You don’t need to worry, your roof is going to be fine – probably…

You don’t need to worry, your roof is going to be fine – probably…

With the recent snow fall there have been a couple of roofs that have collapsed. This has led to a LOT of questions about how much snow a roof can hold in our area. With some snow drifts getting 4′-5′ tall – how much snow is too much? You don’t need to worry, your roof is going to be fine – probably…

The first thing to consider is that a roof in the valley is designed to hold 43 pounds of snow per square foot when built to current building code. On the other side of the mountain, a roof is designed to hold 30 pounds per square foot of snow. So how does this measure up to reality? This snow was rather light or dry – which weighs around .5 pounds per inch per square foot. So a roof designed to current building codes will support around 7′ of snow in the valley. If the snow had been a heavier “wet” snow it could weigh as much as 1 pound per square foot. So this denser snow could become a problem at 3′-6″. It does not mean you will have a collapse, but you might have a problem if snow reaches these depths.

broadway snow

Some things that can impact these numbers include damage to trusses from faulty installation or rot from water intrusion over time. Wind added to the heavy loads can also impact how the roof will react during the storm. Pushing a heavy load in the same direction changes how the building performs.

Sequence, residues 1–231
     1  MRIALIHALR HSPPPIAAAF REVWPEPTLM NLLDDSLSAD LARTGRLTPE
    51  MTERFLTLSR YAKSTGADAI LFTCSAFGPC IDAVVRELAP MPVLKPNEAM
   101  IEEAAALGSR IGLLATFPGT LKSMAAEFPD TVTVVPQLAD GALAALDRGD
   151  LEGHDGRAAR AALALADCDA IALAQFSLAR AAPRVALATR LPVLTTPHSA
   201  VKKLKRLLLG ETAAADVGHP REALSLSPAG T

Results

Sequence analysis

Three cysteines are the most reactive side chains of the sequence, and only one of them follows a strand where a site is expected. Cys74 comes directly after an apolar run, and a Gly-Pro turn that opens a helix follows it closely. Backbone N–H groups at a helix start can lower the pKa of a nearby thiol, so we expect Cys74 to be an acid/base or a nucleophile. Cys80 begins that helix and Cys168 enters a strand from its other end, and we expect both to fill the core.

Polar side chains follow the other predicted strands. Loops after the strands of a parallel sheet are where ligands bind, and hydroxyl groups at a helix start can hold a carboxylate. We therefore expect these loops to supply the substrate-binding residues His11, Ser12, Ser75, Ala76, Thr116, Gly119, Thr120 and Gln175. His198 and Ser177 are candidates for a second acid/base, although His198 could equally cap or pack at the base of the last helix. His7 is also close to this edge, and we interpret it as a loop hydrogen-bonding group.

When asked about snow loads on roofs in our area James Halstead, our in-house structural expert, said “In light of the recent snow storm and the collapse of several roofs around the area, homeowner’s, for the most part, should not be concerned about the stability of their structure.  Although, if they have a flat roof, and a means of safe entry, it would be beneficial to remove as much snow as possible.  The same idea would apply to an exterior deck.  If by chance, homeowner’s start to view drywall cracks in the exterior walls or ceilings, or notice moisture spots that were not visible before the storm, consult with a local Architect, Builder or Structural Engineer for an evaluation.”

Timberville Snow

So why have we seen roofs collapse during this storm? It could be that the building was not maintained properly over time and water intrusion has caused damage to the structural system. It could be that the drifts exceeded the design code at the time the structure was built. It could be that the building was an agricultural use and does not have a code minimum standard.

So before the next storm, it may be beneficial to have a home inspector look at your roof system to verify no damage has been done by this storm. If you see any new cracks or water leaks it should certainly be checked.

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